There are often complaints that quantum field theory is impossible to understand, e.g. CIP repeatedly wrote about buying more and more books about it, but still having trouble comprehending it.

If people have a problem in or with physics, it often is about math and mostly for two reasons:

i) The math used in physics often seems more complicated than what one learns in high school.

ii) The "physicist math" is often ill defined - the physicists often argue, with some justification, that they are way ahead of mathematicians.

Both problems are prominent in QFT: spinors, gauge theory and all that require a lot of advanced math, but some basic concepts, e.g. path integrals, are not even well defined.

My only recommendation is to keep in mind that math is in the end only about re-arranging empty sets and can always be learned given enough time and the proper text books.

Btw I initially learned QFT from Ryder, but there are gentler introductions, e.g. QFT Demystified.

But I suspect that this is not really the problem of CIP et al.

I believe QFT is so hard to understand, because the (classical) models our brain constructs when we learn something are either unavailable or fail completely. I suspect that most people understand even relativity and quantum mechanics by using such models and learning when to switch between them. There is Schroedinger's wave, there are atoms jumping from one state to another, particles tunneling through barriers etc.

I suspect that the need for such classical models is what drives the interpretation debate from Bohm's guiding wave to the splitting of many worlds.

Unfortunately, with QFT the math is pretty much all there is.

But there is some hope for CIP et al. which requires trying something different: lattice field theory (pdf).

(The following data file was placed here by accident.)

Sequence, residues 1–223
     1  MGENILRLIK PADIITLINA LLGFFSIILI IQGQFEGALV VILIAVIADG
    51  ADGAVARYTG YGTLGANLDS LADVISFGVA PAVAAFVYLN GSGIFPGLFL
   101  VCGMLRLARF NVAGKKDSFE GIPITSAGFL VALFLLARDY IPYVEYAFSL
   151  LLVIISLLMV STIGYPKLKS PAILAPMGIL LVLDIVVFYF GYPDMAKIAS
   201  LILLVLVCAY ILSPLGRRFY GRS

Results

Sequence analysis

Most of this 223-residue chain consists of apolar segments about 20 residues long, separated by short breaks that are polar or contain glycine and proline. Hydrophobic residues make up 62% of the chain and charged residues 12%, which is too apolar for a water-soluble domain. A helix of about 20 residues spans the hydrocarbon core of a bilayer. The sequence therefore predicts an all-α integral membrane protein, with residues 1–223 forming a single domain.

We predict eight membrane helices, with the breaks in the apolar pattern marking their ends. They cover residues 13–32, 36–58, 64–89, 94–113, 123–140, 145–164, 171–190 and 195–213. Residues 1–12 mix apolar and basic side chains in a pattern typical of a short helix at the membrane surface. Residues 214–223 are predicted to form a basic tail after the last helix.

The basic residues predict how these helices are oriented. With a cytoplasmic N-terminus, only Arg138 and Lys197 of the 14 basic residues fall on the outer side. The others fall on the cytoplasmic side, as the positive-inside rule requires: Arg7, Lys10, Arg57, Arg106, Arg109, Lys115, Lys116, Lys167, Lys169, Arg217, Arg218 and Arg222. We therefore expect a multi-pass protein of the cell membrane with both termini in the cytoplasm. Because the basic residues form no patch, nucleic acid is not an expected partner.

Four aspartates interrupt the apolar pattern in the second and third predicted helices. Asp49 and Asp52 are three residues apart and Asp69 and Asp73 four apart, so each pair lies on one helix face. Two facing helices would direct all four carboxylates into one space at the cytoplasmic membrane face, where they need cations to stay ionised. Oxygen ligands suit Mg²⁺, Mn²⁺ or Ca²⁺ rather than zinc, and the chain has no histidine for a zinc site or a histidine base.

A Wick rotation transforms the path integral(s) of QFT into an exercise in statistical mechanics (this trick is not always available, but it works e.g. for QCD). All of a sudden the math is well defined and simple enough that one can simulate QFT on a computer, even at home on a laptop. Btw I would recommend to begin with simulations of the Ising model and the Potts model before moving on to full QCD 8-)

Of course, one needs to keep in mind that "computer time" is very different from real time and the translation from the lattice back to reality can be tricky. But it helps a lot understanding Wilson renormalization, triviality of the Higgs, QCD confinement and other stuff.

And via Boltzmann machines there is even a bridge to neural networks and AI (pdf).

### escape velocity

CIP asked a question about the entropy during star formation and I think we got the answer, at least qualitatively; but I would like to understand this better.

So let us begin with this calculation of John Baez, which gets the entropy wrong - it would decrease during star formation, i.e. the gravitational collapse of the matter which makes up the star. What the formula leaves out is the entropy of the outgoing radiation, but I would like to stay in a simple Newtonian model with classical point particles only.

In this case the "missing entropy" must come from the particles with velocities above the escape velocity of the star, which leave the collapsing cluster of particles. (The positions and velocities of the particles are actually not bounded, violating an assumption of this calculation, as he noted at the end of his page.) In other words, the formula John uses can only be an approximation, there is actually no decreasing volume V which encloses all particles and if one defines V considering a sphere which encloses all particles which cannot escape, the number N he uses would not be constant. So how does one really calculate the entropy?